A NASA rocket team is on the hunt for giant hurricane-like swirls in our upper atmosphere.
A NASA rocket team is on the hunt for giant hurricane-like swirls in our upper atmosphere. These swirls, or vortices, may be key to upper atmospheric weather patterns that affect the entire globe. The Vorticity Experiment, or VortEx mission, is readying for a launch on March 17, 2023, from the Andøya Space Center in Andenes, Norway.
If you’ve ever stood atop a mountain or tall building, you’ve probably noticed how gusty it gets up there. High-altitude winds are factored into architects’ plans and pilots’ routes, but their influence on our planet extends well beyond the typical human domain. These winds are sources of buoyancy waves: giant pulses of energy that drive changes at Earth’s interface to space.
Buoyancy waves are common occurrences on Earth. “They could come from approaching storm fronts, or winds hitting the mountains and being sent upwards,” said Gerald Lehmacher, a professor of physics at Clemson University in South Carolina and principal investigator for the Vorticity Experiment, or VortEx, mission. Buoyancy waves form when a gust or disturbance suddenly pushes denser air upwards into a lower pressure region, creating an oscillation as the atmosphere tries to return to equilibrium. These oscillations lead to waves that propagate away from the disturbance, similar to ripples in a pond.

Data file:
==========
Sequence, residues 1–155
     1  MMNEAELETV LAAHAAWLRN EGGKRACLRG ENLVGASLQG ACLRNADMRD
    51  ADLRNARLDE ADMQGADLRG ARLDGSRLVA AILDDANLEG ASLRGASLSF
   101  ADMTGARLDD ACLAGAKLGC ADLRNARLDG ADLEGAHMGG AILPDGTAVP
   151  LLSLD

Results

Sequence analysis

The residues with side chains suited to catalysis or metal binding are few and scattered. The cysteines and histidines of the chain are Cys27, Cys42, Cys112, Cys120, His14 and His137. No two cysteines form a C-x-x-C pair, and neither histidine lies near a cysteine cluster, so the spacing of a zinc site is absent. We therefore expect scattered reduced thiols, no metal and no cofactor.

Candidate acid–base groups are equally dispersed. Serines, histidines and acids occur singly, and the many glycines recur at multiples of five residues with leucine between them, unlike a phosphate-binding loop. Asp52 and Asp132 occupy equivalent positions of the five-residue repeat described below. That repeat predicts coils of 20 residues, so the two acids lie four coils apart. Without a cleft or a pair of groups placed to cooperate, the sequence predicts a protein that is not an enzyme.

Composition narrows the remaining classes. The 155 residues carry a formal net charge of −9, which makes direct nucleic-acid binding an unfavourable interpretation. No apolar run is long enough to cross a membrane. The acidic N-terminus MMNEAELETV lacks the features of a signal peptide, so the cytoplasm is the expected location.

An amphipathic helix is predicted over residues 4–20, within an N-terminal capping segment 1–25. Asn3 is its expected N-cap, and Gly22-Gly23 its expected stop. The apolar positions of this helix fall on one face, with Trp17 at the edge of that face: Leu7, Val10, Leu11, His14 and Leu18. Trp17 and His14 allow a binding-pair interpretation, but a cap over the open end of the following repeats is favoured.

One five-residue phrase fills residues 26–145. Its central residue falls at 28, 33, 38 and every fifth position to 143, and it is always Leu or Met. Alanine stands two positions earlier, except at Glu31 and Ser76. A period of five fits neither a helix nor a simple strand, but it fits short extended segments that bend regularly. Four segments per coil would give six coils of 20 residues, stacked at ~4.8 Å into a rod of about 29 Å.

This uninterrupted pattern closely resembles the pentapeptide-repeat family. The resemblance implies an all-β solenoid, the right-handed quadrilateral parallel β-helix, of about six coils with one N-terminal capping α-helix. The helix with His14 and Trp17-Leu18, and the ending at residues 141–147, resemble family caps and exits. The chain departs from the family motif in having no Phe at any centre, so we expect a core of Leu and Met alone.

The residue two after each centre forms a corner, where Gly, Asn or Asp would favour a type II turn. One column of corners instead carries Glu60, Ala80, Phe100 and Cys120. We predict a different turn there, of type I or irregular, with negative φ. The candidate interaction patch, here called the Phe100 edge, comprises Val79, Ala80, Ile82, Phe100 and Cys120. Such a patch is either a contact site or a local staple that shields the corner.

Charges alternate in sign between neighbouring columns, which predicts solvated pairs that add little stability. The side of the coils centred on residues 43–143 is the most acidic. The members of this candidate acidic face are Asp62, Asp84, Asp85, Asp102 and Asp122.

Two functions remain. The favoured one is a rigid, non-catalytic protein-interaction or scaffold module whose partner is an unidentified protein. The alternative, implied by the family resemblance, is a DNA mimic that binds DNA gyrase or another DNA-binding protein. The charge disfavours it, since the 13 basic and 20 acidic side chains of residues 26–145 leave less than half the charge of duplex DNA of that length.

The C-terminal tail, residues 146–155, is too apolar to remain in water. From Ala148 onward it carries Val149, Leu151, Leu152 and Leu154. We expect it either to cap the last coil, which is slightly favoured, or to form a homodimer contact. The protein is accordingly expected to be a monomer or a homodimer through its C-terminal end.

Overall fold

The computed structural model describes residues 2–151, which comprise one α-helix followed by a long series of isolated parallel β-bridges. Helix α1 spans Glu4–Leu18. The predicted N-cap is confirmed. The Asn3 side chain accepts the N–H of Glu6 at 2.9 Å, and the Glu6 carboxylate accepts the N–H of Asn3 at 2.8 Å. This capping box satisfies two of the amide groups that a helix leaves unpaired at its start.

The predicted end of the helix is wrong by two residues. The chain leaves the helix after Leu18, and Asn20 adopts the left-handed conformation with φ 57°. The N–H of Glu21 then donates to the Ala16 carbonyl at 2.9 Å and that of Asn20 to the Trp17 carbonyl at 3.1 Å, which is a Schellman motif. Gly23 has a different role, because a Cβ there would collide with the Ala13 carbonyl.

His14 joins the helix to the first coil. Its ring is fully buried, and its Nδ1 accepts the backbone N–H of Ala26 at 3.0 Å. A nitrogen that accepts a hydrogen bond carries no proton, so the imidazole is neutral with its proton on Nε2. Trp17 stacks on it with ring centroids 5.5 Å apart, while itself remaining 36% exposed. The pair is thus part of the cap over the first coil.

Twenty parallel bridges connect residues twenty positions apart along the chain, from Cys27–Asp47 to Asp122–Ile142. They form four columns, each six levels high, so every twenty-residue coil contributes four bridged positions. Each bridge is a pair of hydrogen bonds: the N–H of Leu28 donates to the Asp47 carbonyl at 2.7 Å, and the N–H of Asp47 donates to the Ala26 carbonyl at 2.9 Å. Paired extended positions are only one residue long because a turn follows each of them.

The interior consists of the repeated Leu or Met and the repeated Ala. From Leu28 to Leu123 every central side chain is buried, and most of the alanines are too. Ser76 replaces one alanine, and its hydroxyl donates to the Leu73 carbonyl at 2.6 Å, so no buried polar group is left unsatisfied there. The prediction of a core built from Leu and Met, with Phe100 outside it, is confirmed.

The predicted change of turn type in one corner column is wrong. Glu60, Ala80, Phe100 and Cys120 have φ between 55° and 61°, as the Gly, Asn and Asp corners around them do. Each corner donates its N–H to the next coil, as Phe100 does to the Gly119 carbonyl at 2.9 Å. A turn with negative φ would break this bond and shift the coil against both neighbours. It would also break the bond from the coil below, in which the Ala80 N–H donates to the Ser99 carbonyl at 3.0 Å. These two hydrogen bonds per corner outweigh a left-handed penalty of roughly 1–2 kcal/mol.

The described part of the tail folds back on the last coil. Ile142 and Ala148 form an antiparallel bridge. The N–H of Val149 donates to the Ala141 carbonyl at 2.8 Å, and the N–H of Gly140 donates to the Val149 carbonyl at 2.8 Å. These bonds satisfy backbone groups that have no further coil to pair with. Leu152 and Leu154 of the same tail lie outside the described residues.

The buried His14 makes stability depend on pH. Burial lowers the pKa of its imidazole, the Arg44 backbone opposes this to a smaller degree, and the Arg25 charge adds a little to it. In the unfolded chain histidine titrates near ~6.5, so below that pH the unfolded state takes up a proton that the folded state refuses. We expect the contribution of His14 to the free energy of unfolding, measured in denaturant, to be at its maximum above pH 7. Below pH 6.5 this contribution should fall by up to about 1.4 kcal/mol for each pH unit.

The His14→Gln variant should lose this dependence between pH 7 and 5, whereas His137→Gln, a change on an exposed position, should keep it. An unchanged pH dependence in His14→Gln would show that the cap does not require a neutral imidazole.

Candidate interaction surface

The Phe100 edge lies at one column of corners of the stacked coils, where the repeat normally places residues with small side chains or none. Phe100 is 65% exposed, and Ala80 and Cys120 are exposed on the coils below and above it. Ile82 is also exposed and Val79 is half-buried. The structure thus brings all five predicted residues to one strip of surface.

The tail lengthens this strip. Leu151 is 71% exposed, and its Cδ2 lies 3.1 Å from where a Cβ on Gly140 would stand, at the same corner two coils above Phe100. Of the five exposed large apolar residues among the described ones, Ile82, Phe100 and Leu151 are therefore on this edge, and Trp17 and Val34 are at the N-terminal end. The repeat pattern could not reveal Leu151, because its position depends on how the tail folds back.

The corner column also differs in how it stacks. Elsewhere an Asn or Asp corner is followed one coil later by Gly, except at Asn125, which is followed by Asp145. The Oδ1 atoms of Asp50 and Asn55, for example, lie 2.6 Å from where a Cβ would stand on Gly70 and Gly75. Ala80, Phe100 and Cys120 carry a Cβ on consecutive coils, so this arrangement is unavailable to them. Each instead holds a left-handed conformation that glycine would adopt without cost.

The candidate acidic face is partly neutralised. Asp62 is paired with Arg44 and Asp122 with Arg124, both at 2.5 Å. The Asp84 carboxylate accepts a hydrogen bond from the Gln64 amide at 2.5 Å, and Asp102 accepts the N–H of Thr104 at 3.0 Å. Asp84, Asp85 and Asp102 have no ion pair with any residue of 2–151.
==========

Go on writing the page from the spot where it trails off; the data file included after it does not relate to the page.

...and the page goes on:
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Image: Buoyancy waves often leave “ripples” in clouds like those seen over the Pacific Ocean in this image from NASA’s Terra satellite captured on Oct. 4, 2020. (Credits: NASA Earth Observatory/Joshua Stevens)